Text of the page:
If you have an older Subaru with a front U-frame you can place jack stands on it near any of the bolts of it. You can also use it to jack up the car but not the front section near the radiator. It isn’t bolted directly to the unibody and can/will bend if you use it.

On my Forester and STi I often use to U-frame to get a little bit of extra height when only lifting the front of the car.

Now that you are done with the front let us move toward the back of the car. The easiest and best location will be the rear differential. If your jack has a metal plate on it I would highly recommend using a piece of wood to not chip or damage the diff.

Using a piece of wood helps keep the rear diff from chipping or damage when lifting it.
Finding the flattest portion of the diff you can commence to lifting.
Up we go.

With the rear of the car up in the air you can once again place your jack stands, making sure that the jack stands are at equal height. The most choice location being the pinch welds once again, these will be the most sturdy. Your next choices would be a flat piece of the suspension that bolts to the unibody. For my older Subarus I use the front of the trailing arm.

With equal heights on the jack stands we can start lowering it down to them.
Not the easiest to see but these rear jack stands are on the trailing arms

Having your car up on all four jack stands you can now give the car a jounce to make sure the car is stable and equally supported. For your safety you can place a wheel and tire under the car with you, now if a jack stand fails the car will fall and be stopped by the wheel and tire, just an extra precaution to keep the car from falling directly on you. If you don’t have a sizable tire to do this with you can always place an extra jack stand just underneath a stable piece of suspension, this will be extra insurance if one of the main jack stands fail.

Up in the air and very balanced. It is good to push down on part of the car after setting your jack stands to make sure everything is stable.

I have been working on my own cars for many years and have yet to have a car fall off the jack stands or have a jack stand fail. But being fully or over prepared is never a bad idea in this case.

Congrats! Now with your car off the ground you can begin your project! Always remember to be safe while under the car. Jack stands are much safer than a jack but keep in mind just how much a car weighs if it decides to come down. Any extra safety precautions that are listed above are well worth it.

Pittsburgh 3 ton low profile jack

Craftsman standard jack stands

Craftsman High lift jack stands

Hyper Tough jack stands

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In this article, we are going to treat a theme that can be of use to all of us. Whether it’s because you have a flat tire, or you want to change your brake pads, knowing where the jack is on a Subaru Forester is essential. In fact, without the jack, you won’t have the ability to lift your car and therefore change a wheel, or, access the elements behind it such as the brake pads for example. To achieve this, we will first show you the different kind of jacks, then, where the jack is on an Subaru Forester, and finally, how to use the jack on your car.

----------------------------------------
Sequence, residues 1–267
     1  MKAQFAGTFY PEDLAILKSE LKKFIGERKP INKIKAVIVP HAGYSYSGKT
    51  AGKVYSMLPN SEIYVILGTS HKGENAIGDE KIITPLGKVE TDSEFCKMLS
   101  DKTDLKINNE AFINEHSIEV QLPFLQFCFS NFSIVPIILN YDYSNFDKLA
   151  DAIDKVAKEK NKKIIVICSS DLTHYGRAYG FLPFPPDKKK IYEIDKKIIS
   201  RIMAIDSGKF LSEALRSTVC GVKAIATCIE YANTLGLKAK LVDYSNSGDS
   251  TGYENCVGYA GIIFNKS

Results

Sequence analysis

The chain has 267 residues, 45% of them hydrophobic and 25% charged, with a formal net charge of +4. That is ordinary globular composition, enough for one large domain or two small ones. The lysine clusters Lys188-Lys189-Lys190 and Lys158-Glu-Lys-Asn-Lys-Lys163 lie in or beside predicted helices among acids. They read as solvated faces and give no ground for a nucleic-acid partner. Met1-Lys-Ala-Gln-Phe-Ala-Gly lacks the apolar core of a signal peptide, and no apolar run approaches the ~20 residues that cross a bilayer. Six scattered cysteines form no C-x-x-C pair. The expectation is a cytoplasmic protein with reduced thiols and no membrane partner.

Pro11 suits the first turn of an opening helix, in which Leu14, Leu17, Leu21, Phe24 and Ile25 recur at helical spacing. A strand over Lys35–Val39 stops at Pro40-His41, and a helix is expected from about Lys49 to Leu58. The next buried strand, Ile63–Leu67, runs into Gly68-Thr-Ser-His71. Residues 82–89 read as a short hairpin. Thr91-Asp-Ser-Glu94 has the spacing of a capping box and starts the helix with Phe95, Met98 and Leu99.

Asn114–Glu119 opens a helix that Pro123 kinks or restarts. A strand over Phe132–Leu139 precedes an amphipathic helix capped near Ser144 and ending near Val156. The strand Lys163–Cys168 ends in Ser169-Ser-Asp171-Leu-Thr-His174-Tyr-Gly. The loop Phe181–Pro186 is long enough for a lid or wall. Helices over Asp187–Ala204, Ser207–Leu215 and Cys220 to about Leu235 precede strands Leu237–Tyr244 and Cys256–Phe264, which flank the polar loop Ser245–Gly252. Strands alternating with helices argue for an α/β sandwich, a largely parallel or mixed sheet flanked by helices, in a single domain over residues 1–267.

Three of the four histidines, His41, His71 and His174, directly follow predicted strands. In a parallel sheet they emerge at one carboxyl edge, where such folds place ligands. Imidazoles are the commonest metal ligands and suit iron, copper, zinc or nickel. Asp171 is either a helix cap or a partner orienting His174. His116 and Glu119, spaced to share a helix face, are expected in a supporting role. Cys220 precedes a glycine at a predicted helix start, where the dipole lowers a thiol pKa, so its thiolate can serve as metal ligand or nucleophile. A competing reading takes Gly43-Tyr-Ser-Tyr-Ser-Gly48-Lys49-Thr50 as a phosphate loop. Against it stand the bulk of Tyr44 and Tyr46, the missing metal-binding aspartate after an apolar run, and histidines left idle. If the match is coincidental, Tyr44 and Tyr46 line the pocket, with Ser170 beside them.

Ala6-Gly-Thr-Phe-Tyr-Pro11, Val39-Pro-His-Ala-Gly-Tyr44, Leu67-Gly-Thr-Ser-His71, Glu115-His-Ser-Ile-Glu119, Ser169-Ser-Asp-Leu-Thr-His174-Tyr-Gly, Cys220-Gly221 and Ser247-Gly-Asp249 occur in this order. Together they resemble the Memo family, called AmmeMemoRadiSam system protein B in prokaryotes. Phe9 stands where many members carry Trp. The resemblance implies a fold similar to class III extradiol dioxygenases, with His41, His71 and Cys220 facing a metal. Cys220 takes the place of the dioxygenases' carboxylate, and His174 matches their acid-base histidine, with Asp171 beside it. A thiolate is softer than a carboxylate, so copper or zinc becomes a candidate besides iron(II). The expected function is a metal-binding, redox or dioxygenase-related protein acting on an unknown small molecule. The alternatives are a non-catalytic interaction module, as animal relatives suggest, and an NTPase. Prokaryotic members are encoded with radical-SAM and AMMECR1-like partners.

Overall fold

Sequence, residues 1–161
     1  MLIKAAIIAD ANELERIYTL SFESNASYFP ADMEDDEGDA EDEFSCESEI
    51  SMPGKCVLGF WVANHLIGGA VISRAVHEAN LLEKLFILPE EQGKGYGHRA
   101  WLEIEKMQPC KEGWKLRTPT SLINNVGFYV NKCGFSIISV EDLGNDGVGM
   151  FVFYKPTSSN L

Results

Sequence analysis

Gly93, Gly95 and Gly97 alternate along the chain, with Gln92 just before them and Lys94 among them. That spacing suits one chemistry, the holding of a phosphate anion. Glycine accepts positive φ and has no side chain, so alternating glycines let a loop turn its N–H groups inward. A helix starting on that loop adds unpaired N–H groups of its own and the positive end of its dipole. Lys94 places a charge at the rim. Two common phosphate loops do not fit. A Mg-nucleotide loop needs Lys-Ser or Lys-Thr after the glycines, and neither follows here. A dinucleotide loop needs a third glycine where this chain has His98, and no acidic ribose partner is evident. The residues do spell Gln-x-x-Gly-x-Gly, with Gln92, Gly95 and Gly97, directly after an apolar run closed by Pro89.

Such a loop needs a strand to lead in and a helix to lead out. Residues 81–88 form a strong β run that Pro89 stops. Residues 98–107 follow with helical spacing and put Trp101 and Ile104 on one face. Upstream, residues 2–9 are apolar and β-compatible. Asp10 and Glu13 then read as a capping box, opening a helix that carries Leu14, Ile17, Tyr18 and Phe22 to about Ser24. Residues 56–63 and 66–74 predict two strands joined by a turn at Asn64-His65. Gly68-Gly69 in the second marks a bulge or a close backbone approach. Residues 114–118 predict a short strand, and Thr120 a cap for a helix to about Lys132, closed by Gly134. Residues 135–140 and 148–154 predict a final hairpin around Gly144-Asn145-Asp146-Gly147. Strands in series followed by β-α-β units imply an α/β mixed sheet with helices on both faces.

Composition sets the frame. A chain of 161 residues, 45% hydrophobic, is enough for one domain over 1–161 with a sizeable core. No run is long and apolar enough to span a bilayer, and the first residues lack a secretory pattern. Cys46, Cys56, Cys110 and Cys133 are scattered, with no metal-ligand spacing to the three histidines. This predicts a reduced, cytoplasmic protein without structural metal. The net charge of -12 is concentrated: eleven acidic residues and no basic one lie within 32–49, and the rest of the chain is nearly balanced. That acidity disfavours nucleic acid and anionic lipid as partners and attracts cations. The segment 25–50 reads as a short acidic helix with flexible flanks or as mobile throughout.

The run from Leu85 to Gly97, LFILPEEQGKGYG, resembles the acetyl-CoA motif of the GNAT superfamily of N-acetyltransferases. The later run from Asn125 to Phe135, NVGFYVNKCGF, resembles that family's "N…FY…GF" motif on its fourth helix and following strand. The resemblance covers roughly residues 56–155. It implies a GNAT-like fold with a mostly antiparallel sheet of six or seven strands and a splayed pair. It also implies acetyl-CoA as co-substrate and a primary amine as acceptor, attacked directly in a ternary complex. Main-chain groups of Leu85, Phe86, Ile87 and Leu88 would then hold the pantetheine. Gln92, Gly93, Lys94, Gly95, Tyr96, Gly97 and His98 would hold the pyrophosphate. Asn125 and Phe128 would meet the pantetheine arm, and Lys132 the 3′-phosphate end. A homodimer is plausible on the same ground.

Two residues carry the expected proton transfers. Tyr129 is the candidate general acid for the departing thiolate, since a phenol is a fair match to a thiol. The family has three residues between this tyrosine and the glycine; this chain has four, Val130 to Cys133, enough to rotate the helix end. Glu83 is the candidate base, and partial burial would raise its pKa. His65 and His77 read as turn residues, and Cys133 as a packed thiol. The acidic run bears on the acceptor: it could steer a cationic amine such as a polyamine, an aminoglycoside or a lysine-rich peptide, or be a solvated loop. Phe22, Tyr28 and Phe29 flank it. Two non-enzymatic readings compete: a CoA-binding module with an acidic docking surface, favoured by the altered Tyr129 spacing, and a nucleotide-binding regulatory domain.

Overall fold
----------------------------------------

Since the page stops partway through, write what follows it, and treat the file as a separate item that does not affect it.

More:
What are the different types of jacks for Subaru Forester?

So we begin our content with the different kind of jacks that exist. In fact, nevertheless in general most Subaru Forester will be equipped with the same sort of jack, there are still different styles with different uses, here they are:

  • The single-arm screw jack for Subaru Forester : The first type of jack, the most traditional and cheapest of all, is generally determined on entry-level models, or with few options. This sort of jack has just one articulated arm that is placed under the motor vehicle to lift it. This sort of jack is light, easy to use, but does not enable you to lift large loads.
  • The double-arm screw jack for Subaru Forester : It uses exactly similar basic principle as the jack seen earlier, that is, a worm screw that will enable screwing to raise the jack, and unscrewing to lower it, nevertheless the use of a double arm will enable to have a more stable jack that can lift a higher payload.
  • The hydraulic jack for Subaru Forester : This form of jack is not standard equipment on vehicles, and is usually just supplied with a premium model or bought in motor vehicle centres. These jacks are heavier, generally less bulky and have the advantage of being much easier to utilise and able to lift a larger load. It would cost between 20 and 50 euros to buy them, here is a simple and efficient model from Oscaro.


Where is the jack on Subaru Forester?

We will now commence the part that absolutely made you come to this content, where is the jack on a Subaru Forester? It might seem simple, but based on the motor vehicle produce and model the location of the jack is not similar. Take note that most Subaru Forester cars are supplied with a jack, if they are not you will have to find a puncture-proof spray or a compressor instead. Whether you have just bought your Subaru Forester or have been loaned one, or are renting it, you may not have this information. We are going to give you the different locations of the jack on your motor vehicle, these locations may change based on the year and the finish of your Subaru Forester:

  • The most basic position for a jack is in the trunk of your Subaru Forester. To reach it, just lift the carpet in the trunk and you should find it and the spare tire.
  • In the rear wheel arch: Similar but less common position, your jack might be in your trunk, but on the side of the trunk, to reach it you just have to open the hatch in the right part of your trunk.
  • Last possible location for the jack on your Subaru Forester is under your motor vehicle. If you still have the spare tire you will discover it under your trunk, generally you will have to unscrew a nut to have the ability to release it and the spare tire.